imposed unity of the all-pervading and compelling Imperial order and peace. Only in this way can the individual man and the individual group of men work out their own being. Each man has his special character, and his expansive and growing nature supplies the force needed for his development: without this force he is stunted and narrowed. But this growth cannot find nourishment and scope for itself except in the peace of the Empire: without that peace it is wasted in long contention with others around. The Imperial peace dictates the law of growth.
It is an ideal monarch whom Dante describes. We see how untrammelled he is by historical fact. His. mind was nurtured on the history and the greatness of Rome, and he could turn from contemplating the lives and acts of the Caesars to paint this picture of the monarch and to set it before his readers, not as an impossible ideal, but as the truth of things. How extraordinarily and fantastically absurd it appears to most readers; and they turn from it as a pretty but idle fancy. It is an ideal; but the ideal is the power in history. If the ideal could be reproduced in the common man, it ceases to be an ideal and a power. It must remain above us and in front of us; and therein lies its influence on mankind.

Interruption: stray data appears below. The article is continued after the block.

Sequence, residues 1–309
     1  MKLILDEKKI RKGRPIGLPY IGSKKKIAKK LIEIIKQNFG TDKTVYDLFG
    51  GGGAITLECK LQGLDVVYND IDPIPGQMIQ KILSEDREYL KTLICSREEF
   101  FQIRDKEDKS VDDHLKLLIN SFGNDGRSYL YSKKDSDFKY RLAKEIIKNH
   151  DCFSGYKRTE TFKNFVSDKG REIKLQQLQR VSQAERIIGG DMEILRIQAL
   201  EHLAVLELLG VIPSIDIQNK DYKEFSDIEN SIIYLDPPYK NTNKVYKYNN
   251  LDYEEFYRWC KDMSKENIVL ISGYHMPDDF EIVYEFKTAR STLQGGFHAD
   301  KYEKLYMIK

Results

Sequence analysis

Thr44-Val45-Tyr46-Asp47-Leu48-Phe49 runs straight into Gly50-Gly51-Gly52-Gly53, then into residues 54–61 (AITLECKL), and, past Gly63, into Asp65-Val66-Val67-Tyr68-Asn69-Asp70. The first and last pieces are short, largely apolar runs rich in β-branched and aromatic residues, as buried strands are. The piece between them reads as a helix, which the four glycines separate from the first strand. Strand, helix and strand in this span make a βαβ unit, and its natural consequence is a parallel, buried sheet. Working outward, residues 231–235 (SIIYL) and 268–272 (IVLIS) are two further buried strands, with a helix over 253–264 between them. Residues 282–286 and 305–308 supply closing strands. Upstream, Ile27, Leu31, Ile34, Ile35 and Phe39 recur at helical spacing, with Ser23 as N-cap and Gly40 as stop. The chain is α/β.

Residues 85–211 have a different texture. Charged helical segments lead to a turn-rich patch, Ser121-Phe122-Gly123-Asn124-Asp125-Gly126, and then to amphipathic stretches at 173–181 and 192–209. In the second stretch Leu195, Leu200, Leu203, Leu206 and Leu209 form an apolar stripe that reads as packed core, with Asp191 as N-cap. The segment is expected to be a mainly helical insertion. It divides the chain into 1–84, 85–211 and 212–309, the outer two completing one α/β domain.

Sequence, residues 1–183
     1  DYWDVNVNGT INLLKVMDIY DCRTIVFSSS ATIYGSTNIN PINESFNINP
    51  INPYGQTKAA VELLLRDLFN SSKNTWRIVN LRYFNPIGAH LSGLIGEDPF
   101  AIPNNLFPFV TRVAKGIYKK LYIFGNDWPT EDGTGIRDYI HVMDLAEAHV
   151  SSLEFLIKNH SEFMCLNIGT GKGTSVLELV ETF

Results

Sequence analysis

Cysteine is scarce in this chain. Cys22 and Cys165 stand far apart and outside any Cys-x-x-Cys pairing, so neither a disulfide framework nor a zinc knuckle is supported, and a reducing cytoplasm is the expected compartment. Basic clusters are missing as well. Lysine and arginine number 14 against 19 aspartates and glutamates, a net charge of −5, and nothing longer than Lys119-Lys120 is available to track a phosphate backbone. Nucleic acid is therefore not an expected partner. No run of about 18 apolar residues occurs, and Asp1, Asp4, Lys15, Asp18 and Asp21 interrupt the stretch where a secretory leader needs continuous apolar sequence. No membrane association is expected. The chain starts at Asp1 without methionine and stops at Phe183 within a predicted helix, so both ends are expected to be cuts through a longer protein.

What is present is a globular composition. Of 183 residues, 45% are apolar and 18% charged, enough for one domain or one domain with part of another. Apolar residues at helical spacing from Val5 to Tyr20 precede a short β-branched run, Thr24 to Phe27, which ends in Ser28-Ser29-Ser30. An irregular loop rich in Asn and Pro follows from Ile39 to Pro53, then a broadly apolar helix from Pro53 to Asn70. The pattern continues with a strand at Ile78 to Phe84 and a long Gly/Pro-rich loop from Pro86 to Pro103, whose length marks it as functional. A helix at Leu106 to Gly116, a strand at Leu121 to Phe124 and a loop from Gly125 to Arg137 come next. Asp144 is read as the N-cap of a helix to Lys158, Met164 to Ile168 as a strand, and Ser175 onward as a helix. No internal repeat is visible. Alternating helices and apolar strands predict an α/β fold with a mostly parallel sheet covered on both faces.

That this ideal has had a powerful influence on modern history is, I think, undeniable. The monarch in Dante's mind is supreme over all mere kings and princes, universal and absolute lord of all, while mere kings are exposed to temptation to violate the peace with their neighbours, to overstep their own bounds, and to covet their neighbour's property. Yet who can look dispassionately at modern facts without recognizing that an ideal such as Dante paints has been and is a strong power in the breast of many modern kings and rulers, tending to